The Husband Trick: Find Someone Else To Take The Blame

, , , , | Right | April 3, 2020

(I’m an usher, working an event that is at intermission.)

Customer: “Where is the nearest liquor store?”

Me: “Um, I’m not sure. I’m not 21 yet, so I’ve never been.”

Customer: “But you have to know where it is.”

Me: “Sorry, I don’t have any idea.”

(The customer goes back into the venue. Five minutes later, he comes out again on the phone.)

Customer: “Here, it’s my wife on the phone. Tell her where the liquor store is, or she’ll yell at you!”

(I still have no idea where the liquor store is!)

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Paying By Card Can Be A Backwards Affair

, , , | Right | March 29, 2020

(I am working in a box office for a theatre and am on the phone with a customer whose order is nearly complete.)

Me: “Okay, if you could just read out the sixteen-digit card number on the front of your card, please?”

Customer: “Would you like that number from left to right?”

Me: *pause* “Yes.”

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Seat Down And Choose Your Battles

, , , | Right | March 26, 2020

(I’m talking to an elderly patron on the phone. He’s buying tickets to the most recent show.)

Me: “I can get you two seats in the middle of orchestra right, row C.”

Patron: “I don’t want them near the far end. What seat numbers are they?”

Me: “C8 and C10.”

Patron: “No, I want two seats together.”

Me: “They are together; the seats in orchestra right are numbered by even numbers and orchestra left is odds.”

Patron: “Oh, okay. How many seats are in this row?”

Me: “Ten, sir.”

Patron: “But you’re putting me in C10! That’s the last seat.”

Me: “No, sir, the seats go from C2 to C20.”

Patron: “That doesn’t make sense!”

Me: “As I said before, the orchestra right seats are assigned even numbers only.”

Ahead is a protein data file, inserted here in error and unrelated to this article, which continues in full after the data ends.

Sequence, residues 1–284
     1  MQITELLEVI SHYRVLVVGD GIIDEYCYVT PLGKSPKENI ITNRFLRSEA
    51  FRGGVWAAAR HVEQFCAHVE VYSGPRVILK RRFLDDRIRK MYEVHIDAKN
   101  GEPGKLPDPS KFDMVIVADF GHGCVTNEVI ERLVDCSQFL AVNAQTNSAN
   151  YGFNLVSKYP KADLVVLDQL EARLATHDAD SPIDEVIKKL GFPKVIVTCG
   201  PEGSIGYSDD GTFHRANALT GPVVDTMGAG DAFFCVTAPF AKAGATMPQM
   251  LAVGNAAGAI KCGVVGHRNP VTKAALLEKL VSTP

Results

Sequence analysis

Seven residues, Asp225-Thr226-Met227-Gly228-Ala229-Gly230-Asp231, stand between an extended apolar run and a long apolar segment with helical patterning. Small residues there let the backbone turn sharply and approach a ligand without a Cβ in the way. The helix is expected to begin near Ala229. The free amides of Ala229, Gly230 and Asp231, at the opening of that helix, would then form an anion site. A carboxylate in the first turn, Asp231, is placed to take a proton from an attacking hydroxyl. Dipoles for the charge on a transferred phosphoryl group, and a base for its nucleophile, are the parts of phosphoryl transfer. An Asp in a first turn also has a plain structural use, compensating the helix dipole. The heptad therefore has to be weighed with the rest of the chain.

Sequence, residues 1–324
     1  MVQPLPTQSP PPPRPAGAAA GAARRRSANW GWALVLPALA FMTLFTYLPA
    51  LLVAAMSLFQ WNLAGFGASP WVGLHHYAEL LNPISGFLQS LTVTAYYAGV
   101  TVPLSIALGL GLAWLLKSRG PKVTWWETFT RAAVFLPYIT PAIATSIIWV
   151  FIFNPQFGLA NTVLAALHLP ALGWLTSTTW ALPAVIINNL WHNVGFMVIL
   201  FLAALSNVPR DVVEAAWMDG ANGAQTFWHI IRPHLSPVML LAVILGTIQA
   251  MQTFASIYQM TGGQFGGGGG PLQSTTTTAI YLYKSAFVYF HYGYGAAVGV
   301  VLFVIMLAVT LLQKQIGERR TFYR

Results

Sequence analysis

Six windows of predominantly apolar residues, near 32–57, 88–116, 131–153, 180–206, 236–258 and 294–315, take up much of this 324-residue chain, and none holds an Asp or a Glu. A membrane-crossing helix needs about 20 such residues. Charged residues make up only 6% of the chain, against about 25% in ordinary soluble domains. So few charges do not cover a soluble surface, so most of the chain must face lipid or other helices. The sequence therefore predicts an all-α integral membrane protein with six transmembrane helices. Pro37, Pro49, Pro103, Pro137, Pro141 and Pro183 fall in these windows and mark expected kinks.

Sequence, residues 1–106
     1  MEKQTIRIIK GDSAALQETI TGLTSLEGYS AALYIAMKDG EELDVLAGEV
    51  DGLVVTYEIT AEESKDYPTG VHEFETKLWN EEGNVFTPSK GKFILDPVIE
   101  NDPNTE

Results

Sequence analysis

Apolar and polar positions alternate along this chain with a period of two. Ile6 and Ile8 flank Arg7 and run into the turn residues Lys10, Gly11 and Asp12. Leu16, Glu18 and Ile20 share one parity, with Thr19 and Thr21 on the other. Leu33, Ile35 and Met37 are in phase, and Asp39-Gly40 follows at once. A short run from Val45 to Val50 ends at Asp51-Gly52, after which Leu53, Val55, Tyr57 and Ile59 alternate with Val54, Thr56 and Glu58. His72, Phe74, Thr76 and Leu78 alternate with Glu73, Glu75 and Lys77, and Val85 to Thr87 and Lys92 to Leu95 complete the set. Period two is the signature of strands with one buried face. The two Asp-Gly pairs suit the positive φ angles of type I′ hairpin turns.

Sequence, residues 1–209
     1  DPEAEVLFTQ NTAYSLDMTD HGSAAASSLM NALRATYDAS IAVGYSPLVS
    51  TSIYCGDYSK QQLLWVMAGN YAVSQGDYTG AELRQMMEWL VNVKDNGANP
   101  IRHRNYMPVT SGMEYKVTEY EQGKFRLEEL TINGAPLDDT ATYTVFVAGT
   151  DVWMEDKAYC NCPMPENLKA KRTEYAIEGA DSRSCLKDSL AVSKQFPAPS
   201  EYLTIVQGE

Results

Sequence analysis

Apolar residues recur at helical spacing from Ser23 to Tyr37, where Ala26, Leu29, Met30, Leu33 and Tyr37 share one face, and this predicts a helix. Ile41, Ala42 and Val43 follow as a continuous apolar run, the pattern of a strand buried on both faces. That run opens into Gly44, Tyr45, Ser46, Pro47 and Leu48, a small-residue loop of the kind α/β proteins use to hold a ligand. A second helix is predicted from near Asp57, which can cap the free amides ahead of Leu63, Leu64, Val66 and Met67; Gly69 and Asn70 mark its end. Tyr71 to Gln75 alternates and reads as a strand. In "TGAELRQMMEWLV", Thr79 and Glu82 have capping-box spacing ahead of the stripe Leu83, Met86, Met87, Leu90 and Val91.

Patron: “I want to be in the middle!”

Me: “Yes, your seats are in the middle of the row. That last seat in this row is C20.”

Patron: “So there are twenty seats in this row?”

Me: *pause* “Yes.”

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Making A Bad Show Of It

, , , | Right | March 24, 2020

(I am a box office manager at a local theater. There are several bathrooms immediately off the box office and several more around the corner, down the hall, and through another room. We only open these extra bathrooms up during intermission. Before the show, we keep the door to that room locked, but the door only locks from the inside, so it’s like a lobster trap: you can get in, but you can’t get out. A woman approaches me during an extremely busy night before the show starts.)

Woman: “I want to use the other bathrooms.”

Me: “I’m sorry, ma’am, we don’t open them until intermission.”

Woman: “But you had them open before, didn’t you?”

Me: “Yes, ma’am. During intermission. It is not intermission. However, you can use the box office bathrooms, which don’t have a line right now.”

(The woman sulks off. Twenty minutes go by, in which I am dealing with too many customers to see what she does. During a brief lull, I hear a faint pounding from deep inside the building. I tell my assistant to go check it out. The woman comes rushing into the box office, flustered and out of breath.)

Woman: “Did you know I was locked into that room? I could’ve been there for the entire show, for all you know!”

Me: “Ma’am, I told you those bathrooms were off-limits before the show. I’m sorry you were locked in, though.”

Woman: *losing her cool* “But they were open before the show this one time last year!”

Me: “Yes. It is no longer last year.”

Woman: “Well! That’s absurd!”

(She stormed out.)

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Shepherd Book Would Be Ashamed

, , , , , , | Friendly | February 28, 2020

I recently attended a live show of the national tour of The Lion King. As everybody who’s ever attended any kind of show knows, there are signs all over reminding you that no photography or videos are allowed during the show, and they make an announcement just before the show starts. Usually, 99% of the audience has no problems with this and is happy to just immerse themselves in the show. 

This time, however, somebody decided she was above that rule. 

An older woman a couple of rows in front of me was sneaking pictures with her phone, purposely keeping her phone at her lap so as not to get caught. I didn’t want to say anything, because I knew I’d get the age-old excuse, “Mind your own business! It’s not bothering you!” 

At a dark scene, though, she messed up. She must’ve forgotten her flash was set to automatic, because suddenly, it went off with her picture. Several people looked back, and she quickly dropped her phone onto her lap. The kid with her whispered something to her, I’m assuming telling her to knock it off, and she didn’t take another picture.

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